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Patricia Van Arnum was executive editor of Pharmaceutical Technology.
As custom manufacturers gather for InformexUSA this month, strategies in asymmetric synthesis and catalysis prevail.
As custom manufacturers gather for InformexUSA this month, they are confronted with the ongoing task of meeting the pharmaceutical industry's demand for cost-effective routes to manufacturing increasingly complex molecules. This challenge is particularly keen in enantioselective reactions.
Synthesis of a chiral aminolactam
To illustrate the process for optimizing such a synthesis, Michael Schwarm, director, research and development, exclusive synthesis at Degussa GmbH (Düsseldorf, Germany), outlines the route the company took to synthesize an enantiomerically pure aminolactam ((S)-CAP), a chiral building block for a new antithrombotic drug.
"Initial route-scouting experiments started from readily available L-aspartic acid," he says, "but they rather quickly turned out to be less promising from both technical and economic points of view."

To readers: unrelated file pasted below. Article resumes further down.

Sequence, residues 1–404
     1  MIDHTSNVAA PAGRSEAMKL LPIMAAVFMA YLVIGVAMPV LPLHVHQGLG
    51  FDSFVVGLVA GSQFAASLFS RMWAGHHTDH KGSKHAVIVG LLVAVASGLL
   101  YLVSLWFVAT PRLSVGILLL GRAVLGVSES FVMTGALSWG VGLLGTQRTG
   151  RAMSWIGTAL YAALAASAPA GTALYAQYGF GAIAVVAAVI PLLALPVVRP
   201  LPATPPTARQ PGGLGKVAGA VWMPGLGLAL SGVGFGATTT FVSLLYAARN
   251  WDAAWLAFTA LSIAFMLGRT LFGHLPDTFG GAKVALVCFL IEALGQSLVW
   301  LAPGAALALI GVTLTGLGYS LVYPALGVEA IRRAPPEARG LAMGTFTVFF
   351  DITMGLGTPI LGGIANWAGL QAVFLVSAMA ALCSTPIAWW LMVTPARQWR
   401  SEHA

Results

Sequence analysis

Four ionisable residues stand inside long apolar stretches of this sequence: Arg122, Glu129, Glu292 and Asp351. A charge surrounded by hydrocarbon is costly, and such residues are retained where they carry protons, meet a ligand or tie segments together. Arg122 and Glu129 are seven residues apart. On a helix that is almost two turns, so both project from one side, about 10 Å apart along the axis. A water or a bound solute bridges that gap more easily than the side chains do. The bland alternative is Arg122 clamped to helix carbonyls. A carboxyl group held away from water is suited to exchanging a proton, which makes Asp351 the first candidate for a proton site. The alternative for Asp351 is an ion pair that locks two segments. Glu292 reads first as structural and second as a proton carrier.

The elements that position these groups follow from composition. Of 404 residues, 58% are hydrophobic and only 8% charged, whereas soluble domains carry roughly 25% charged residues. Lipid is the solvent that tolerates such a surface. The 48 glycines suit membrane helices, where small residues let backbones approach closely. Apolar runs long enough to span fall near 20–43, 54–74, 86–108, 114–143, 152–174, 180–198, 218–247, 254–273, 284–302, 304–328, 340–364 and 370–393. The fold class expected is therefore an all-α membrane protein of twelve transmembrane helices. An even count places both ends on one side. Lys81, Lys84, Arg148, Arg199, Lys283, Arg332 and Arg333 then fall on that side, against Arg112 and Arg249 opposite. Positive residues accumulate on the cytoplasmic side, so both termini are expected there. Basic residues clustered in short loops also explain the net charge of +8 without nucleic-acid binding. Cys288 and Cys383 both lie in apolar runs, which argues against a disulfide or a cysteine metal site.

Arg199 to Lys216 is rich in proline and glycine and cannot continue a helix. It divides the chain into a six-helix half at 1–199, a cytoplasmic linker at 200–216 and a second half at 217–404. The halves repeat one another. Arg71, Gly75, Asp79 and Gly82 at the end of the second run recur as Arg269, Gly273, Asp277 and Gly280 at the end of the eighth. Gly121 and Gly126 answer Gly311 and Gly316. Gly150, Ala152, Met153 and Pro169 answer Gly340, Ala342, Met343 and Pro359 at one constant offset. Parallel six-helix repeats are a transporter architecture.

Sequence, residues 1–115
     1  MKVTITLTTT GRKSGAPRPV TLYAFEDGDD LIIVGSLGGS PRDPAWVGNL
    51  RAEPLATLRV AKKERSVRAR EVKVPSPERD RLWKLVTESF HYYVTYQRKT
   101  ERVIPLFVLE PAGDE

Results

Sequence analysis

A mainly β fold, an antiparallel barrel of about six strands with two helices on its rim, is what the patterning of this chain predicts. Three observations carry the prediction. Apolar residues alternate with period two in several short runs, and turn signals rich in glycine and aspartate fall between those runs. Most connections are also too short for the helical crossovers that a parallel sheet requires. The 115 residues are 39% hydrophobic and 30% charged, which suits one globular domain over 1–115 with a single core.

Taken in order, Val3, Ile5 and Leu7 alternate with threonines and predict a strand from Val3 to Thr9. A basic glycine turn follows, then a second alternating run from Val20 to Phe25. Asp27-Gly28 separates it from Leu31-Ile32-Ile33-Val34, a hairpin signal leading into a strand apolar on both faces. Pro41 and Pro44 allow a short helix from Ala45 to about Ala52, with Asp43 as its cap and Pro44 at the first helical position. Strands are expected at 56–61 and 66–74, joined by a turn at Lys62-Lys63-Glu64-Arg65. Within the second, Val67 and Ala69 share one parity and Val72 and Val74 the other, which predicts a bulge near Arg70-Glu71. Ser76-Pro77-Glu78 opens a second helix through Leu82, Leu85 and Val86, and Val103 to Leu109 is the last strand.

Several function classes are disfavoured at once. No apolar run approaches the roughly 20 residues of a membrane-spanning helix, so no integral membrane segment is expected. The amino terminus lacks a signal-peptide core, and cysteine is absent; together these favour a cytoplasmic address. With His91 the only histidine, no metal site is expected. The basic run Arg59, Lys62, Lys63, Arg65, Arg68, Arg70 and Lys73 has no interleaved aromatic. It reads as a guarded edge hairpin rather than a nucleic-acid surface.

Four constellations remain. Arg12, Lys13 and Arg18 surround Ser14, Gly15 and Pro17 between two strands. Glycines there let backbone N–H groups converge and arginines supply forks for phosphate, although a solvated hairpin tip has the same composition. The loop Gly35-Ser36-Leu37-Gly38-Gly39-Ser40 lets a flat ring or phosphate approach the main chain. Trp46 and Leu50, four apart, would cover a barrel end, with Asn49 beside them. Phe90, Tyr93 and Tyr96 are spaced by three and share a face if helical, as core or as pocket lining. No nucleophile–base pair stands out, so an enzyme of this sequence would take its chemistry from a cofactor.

More progress was achieved with a new route based on L-homoserine. "Surprisingly, it was found that under appropriate conditions selective O-acetylation of L-homoserine was possible without significant N-acetylation or cyclization to the lactone," says Schwarm. After Z- or Boc-protection of the amino function, the carboxyl group was activated as an anhydride and then reacted with p-cyanoaniline to form the corresponding amide. The acetyl group then was removed by treating it with aqueous ammonia in methanol. Following the activation of the alcohol function by mesylation or tosylation, the amide then was cyclized to the lactone under alkaline conditions. N-deprotection finally afforded the desired aminolactam, (S)-CAP, in high yield and excellent purity.
Further optimization to reduce the isolation of intermediates and improve productivity resulted in an eight-stage process with only three product-isolation steps. This was shown successfully on a kilogram scale and was fully feasible for transfer to production scale, says Schwarm. Because of limited availability of larger quantities of L-homoserine at that time, however, this route had to be abandoned.